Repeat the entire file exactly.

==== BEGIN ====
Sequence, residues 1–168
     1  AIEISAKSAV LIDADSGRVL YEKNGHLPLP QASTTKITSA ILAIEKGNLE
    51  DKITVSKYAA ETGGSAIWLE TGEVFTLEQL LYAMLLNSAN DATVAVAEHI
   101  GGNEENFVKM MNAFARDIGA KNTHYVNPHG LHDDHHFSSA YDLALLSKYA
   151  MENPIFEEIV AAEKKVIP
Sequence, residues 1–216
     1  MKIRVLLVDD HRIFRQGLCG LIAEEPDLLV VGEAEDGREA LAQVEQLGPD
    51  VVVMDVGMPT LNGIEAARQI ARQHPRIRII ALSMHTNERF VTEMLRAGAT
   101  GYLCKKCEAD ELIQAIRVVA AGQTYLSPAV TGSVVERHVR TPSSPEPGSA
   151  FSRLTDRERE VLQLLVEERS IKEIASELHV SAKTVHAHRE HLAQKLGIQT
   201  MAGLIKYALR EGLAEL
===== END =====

Sequence, residues 1–168
     1  AIEISAKSAV LIDADSGRVL YEKNGHLPLP QASTTKITSA ILAIEKGNLE
    51  DKITVSKYAA ETGGSAIWLE TGEVFTLEQL LYAMLLNSAN DATVAVAEHI
   101  GGNEENFVKM MNAFARDIGA KNTHYVNPHG LHDDHHFSSA YDLALLSKYA
   151  MENPIFEEIV AAEKKVIP
Sequence, residues 1–216
     1  MKIRVLLVDD HRIFRQGLCG LIAEEPDLLV VGEAEDGREA LAQVEQLGPD
    51  VVVMDVGMPT LNGIEAARQI ARQHPRIRII ALSMHTNERF VTEMLRAGAT
   101  GYLCKKCEAD ELIQAIRVVA AGQTYLSPAV TGSVVERHVR TPSSPEPGSA
   151  FSRLTDRERE VLQLLVEERS IKEIASELHV SAKTVHAHRE HLAQKLGIQT
   201  MAGLIKYALR EGLAEL